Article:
vellous that all the kings of Christendom did not combine against such a system!

Jesuits. Tuey seem to have aimed at a system Imago Primi Sæculi Societatis Jesu. Antof Illuminism, which would have ended in

verpiæ, ex off. Plantiniana. Anno Sociesomething like the Chinese establishment,

tatis Seculari, 1640. an oligarchy of the learned. Men would The state of the Company in their sebe happier than they now are, but not pro- cular year justifies their emblem — the sun gressive.

shining upon the globe of earth, and the CARDINAL HENRIQUE founded a univer

motto Psalm 18. “Non est qui se abscondat sity for them at Evora: it became so much

a calore ejus.”—P. 43. the custom to send boys to them for edu

175. Paupertas sapiens. A ship in dancation, that agriculture suffered in conse

ger, and the sailors heaving their treasure

overboard. quence. “Vinieron a perderse muchas tierras que fertilmente produzian el sustento

176. Paupertas expedita. Elijah dropde grande parte del Reyno, traydo por esto ping his cloak as the fire-chariot carries a necessidad de pedir pan a sus propios ene

him away. Liber ab exuviis. migos.”—Faria.

179. A truer emblem. Paupertas omni

curâ soluta. A bird in a cage. Aliunde They were “ quais aquelles, por quem pascitur. perguntava Isaias, comparando os na pressa, 324. Societas ad Missiones expedita. Mite fervor as nuvens, que vam voando sem

tet fulgura et ibunt, et revertentia dicent, outra tençam, nem tino, que o do vento e adsumus. Job 38. espirito, que as leva."— LUCENA, vol. 5, p.

383. Sparserat hæc Coimbricæ in vulgus, 21.

iis qui se apud Patres Societatis exercerent, They called P. Simam and F. Xavier spectra nescio quæ et visa objici. Calumapostles when first they came to Portugal, niæ fidem adstruebat, quam detrahere deand they continue to call us by that appel- buerat, ut repentina ita ingens et crebra molation, which is too much, though we rightly rum mutatio. Denique adeo invaluit hæc esteem the love that bestows it; but our fabula, ut Cardinalis Henricus fidei Quæsi. proper name, says Lucena, is not apostles, tor de re totâ cognoscendum censuerit. Hoc but the Religious of the Company of Je- dum ejus imperio dissimulanter facit Jacosus.—Vol. 1, p. 66.

bus de Murciâ Academiæ Rector, Fratres

392

VIDA DEL S. FR. DE BORJA, ETC.

meros.

que nostros de objectis visis legitimé inter- | Septimus Eois jam sol caput exserit undis, rogat, unus aperte fatetur se visa vidisse, et Cum tibi non ullus venit in ora cibus. quidem feralia atque horrenda. Et quæ- Scilicet æthereo pendes sublimis olympo, nam illa ? inquit Rector, simulque Scribam Et Superum latices ambrosiamque bibis. admonet ut quæ narrarentur exciperet. Ille Vivitur exiguo, quoties mens proxima cælo vere, Memetipsum, inquit, vidi, quem num

est, quam ante satis perspexeram, monstrum Quid petat e terræ pulvere plena Deo ?" sane tetrum, quo turpius mihique magis timendum numquam vidi. Hoc responsum

722. B. Fran. Borgia stemma suum virab ipsâ veritate facetè petitum, calumniam tute nobilitat. A good emblem. A long potentius discussit, quam fortasse potuisset

line of cyphers, to which Cupid has prefixed studiosa defensio, et compendio quodam ru

the S. O nihil! at numeros sic facit innudem exercitiorum imaginem ac laudem amplectens, calumniam suo veluti telo confecit." Some of the Emblems are in a Flemish

Vida del S. Fr. de Borja. Por el Eminentiss. taste. 478. Catechista docet pueros orare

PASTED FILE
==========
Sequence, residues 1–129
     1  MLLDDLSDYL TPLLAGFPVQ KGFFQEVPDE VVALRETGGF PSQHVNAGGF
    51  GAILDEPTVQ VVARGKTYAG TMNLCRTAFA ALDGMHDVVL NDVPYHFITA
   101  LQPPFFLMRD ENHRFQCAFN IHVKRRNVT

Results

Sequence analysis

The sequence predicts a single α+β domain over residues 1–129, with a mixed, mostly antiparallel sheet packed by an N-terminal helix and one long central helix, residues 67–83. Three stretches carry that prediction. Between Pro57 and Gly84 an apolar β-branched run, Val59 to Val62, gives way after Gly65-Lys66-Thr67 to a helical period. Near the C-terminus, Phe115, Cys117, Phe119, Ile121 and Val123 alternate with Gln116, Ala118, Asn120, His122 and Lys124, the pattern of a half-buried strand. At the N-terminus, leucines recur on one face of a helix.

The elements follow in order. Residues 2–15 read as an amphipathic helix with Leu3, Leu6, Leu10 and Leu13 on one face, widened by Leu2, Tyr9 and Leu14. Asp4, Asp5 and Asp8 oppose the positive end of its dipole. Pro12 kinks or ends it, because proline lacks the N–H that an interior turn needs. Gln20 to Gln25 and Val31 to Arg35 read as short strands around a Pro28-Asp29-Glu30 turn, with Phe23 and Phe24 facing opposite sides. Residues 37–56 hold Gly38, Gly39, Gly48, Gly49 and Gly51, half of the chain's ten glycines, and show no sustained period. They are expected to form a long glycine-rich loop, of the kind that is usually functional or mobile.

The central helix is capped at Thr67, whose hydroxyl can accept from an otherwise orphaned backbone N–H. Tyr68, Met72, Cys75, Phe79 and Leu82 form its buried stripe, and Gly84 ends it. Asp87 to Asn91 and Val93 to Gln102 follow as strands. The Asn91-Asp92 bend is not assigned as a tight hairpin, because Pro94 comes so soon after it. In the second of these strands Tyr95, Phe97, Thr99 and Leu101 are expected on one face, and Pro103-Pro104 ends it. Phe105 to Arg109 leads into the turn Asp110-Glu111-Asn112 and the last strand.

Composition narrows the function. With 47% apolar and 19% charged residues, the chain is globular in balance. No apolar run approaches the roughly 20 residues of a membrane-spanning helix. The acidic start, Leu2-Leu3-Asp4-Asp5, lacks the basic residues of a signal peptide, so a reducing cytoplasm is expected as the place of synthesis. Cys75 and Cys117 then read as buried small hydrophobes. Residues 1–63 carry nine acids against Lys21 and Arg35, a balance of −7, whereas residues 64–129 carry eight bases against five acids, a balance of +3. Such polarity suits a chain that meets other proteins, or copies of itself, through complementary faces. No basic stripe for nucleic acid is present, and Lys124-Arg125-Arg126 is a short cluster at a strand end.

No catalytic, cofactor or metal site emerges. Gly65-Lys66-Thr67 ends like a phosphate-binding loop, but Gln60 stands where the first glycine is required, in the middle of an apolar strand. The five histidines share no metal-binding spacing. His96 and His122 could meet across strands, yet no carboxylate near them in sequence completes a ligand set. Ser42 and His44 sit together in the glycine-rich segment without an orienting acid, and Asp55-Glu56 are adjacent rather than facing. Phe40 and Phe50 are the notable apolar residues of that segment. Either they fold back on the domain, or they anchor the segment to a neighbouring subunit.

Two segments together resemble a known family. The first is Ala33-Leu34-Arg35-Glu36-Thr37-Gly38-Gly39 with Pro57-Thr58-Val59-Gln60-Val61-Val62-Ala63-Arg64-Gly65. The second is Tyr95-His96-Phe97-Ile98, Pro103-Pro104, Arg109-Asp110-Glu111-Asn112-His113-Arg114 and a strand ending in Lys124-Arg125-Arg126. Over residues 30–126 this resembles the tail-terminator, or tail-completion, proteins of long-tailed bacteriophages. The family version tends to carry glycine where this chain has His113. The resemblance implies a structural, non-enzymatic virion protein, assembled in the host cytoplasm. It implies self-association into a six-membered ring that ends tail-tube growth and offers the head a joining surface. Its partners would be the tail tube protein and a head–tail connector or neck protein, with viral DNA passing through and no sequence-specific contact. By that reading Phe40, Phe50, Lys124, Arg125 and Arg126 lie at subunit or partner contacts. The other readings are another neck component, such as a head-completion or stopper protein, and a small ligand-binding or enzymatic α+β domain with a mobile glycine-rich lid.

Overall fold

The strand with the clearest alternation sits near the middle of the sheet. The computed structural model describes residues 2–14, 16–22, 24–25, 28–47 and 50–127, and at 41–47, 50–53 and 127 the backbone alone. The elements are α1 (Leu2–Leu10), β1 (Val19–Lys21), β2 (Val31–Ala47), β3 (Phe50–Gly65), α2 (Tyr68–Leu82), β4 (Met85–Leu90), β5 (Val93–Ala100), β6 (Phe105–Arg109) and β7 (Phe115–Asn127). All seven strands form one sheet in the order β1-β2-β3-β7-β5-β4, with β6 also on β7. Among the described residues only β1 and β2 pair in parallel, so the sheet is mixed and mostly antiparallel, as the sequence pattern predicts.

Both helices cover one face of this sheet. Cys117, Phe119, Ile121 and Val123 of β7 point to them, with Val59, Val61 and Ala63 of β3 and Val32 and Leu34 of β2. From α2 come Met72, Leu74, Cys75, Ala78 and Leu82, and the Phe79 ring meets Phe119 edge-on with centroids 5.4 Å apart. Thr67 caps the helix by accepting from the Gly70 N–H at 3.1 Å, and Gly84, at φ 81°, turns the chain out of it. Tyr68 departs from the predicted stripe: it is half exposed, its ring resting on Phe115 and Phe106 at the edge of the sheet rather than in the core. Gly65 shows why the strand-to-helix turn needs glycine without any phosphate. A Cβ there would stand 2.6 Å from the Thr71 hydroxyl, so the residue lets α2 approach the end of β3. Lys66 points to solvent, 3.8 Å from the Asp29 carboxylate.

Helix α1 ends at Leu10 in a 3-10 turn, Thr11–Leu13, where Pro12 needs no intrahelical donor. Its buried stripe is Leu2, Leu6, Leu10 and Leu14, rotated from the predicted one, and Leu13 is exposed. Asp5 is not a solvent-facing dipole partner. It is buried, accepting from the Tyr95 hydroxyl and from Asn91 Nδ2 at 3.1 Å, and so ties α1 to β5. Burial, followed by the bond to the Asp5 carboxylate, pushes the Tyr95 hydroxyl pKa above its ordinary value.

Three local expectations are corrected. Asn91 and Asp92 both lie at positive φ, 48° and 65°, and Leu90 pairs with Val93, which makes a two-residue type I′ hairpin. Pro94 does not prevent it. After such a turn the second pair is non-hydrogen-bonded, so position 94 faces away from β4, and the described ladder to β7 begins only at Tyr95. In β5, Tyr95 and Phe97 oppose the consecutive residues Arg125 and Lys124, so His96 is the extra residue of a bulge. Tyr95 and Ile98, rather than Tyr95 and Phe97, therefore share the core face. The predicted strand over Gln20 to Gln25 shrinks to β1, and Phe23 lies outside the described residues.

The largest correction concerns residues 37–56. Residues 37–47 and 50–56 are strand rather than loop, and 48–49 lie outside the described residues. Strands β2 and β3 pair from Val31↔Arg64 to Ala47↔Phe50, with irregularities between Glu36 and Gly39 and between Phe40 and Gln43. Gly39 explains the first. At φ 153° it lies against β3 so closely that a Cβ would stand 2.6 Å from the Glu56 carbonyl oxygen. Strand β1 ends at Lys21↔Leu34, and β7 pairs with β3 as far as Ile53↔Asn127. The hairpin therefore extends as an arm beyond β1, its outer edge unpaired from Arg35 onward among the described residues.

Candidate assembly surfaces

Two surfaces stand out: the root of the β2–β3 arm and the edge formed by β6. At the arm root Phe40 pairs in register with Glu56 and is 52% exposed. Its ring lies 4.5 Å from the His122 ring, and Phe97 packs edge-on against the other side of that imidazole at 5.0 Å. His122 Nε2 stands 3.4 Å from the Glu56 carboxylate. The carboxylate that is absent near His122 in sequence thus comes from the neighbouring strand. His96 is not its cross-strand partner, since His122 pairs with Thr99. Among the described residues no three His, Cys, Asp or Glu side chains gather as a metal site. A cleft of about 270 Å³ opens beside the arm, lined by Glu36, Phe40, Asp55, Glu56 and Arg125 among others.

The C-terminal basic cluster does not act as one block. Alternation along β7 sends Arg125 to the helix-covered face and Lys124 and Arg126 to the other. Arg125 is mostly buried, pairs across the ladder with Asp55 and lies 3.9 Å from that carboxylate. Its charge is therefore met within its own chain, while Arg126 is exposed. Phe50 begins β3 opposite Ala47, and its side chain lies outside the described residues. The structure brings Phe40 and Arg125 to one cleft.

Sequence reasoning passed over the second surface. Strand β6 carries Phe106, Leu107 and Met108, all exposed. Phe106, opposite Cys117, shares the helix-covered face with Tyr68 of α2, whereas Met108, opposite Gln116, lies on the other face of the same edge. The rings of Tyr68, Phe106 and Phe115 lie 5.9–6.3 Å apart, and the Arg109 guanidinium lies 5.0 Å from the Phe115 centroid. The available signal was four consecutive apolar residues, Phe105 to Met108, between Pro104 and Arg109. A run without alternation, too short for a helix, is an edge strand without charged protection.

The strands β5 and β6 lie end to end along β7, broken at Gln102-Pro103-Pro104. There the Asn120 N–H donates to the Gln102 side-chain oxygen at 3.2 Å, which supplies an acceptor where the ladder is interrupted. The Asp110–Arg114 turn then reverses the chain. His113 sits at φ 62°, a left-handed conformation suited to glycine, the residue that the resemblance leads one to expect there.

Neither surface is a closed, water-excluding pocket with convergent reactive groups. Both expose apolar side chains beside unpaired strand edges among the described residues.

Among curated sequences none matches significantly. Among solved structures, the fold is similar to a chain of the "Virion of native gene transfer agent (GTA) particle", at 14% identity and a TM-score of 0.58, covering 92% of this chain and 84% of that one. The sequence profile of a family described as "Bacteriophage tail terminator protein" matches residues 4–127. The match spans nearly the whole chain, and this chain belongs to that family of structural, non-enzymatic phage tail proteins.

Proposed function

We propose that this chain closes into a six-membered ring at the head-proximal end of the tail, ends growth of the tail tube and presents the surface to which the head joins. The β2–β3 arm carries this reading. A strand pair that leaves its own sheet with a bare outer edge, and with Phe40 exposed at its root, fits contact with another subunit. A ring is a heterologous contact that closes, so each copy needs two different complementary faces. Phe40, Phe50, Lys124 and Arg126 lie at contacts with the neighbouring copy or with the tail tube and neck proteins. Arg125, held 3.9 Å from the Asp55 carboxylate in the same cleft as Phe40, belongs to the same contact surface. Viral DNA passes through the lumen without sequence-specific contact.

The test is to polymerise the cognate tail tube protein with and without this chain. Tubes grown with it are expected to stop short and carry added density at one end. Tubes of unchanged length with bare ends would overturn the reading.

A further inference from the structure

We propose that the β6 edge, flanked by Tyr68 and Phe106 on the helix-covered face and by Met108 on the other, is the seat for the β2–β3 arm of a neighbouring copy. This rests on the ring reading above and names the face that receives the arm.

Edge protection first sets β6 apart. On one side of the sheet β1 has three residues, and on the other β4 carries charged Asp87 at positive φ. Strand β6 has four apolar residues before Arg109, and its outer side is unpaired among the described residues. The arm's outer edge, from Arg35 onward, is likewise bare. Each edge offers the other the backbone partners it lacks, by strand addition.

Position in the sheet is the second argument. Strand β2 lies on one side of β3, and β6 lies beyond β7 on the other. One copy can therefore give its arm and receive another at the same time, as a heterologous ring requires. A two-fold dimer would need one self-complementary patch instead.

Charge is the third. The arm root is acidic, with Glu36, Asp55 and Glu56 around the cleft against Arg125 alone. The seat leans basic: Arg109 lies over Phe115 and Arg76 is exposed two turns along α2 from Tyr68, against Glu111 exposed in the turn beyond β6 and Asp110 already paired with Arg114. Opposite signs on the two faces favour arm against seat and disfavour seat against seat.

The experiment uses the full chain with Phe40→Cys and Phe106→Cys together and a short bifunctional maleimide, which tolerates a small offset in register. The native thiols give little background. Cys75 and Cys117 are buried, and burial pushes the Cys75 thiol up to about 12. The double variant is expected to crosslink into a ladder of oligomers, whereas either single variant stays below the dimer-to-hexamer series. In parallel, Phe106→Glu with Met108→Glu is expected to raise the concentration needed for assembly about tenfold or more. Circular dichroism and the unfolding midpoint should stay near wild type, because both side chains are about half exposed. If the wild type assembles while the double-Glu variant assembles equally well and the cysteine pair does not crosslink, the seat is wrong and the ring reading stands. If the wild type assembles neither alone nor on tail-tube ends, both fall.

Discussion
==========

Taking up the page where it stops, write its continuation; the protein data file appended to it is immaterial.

y Reverendiss. P. D. Alvaro Cien Fuegos. ante refectionem. 'Tis a Cupid making his

Cardinal de la Santa Iglesia de Roma. cur dog beg for his food. Non capit ante

Arçobispo de Monreal, 8c. cibum. 569. Societati optandæ res adver- 50. When the Empress Isabel, D. Masæ. Cupid flying a kite. Præstant adver- noel's daughter, was in labour of Philip II. sa secundis—best in a high wind. 570. So- she was told to groan, for it would relieve cietas adversis oppressa virtutem exserit, a her. She answered, in Portugueze, “ Morfellow playing the bagpipes, Pressus dulce rer sim, queyxar me nað.” sonat.

At her death she requested that her 715. Ignatii crebra et per multos dies body might not be embalmed, nor handled continuata jejunia. The Bird of Paradise. by any person except the Marquesa de Exiguo vivit quia proxima cælo.

Lombay. The Marquis was charged to at

tend the funeral from Toledo to Granada. “Ut reparet vires, prædam Jovis armiger It was in hot May, and the body, in obeungue

dience to her will, had only been exterDiripit, et tepido rostra cruore notat. nally anointed. He never left the coffin, I licet, et tuus est quaqua patet arduus praying beside it at night in the churches, æther,

or sleeping on the church floor. At GreÆtheris in campis pascere, tuta via est. nada, when he gave up his charge, he deEcce recens sudat madidis Aurora capil- posed that what he delivered was the corpse lis,

of the Empress, and as a part of this forEt favet et pennas evocat aura tuas. mality, the coffin was opened, and he lifted I procul, et tenuem magis ac magis aera up the face-cloth. The face was half concarpe ;

sumed by worms, and excessively putrid. I, matutinas combibe delicias.

She had been of exceeding beauty, and the Exiguum stillæ satis est, et simplicis auræ, horror of this spectacle permanently affected

Stilla sitim tollet, tollet et aura famem. Borja. This happened in the Puerta de ElDum loquor illa solum fugiens Jove pas- vira, at his entrance, and was painted afcetur udo,

terward over the gate.-P. 232. Sed tamen arguto quod capit ore, parum 69. From Barcelona he made it his emest.

ployment to hunt out banditti. This was Non tibi Loiolidæ tenuis se conferat ales called cruelty. He said he found no such

Dum nihil in terris, quo satieris, habes. diversion in any other chase. “Porque le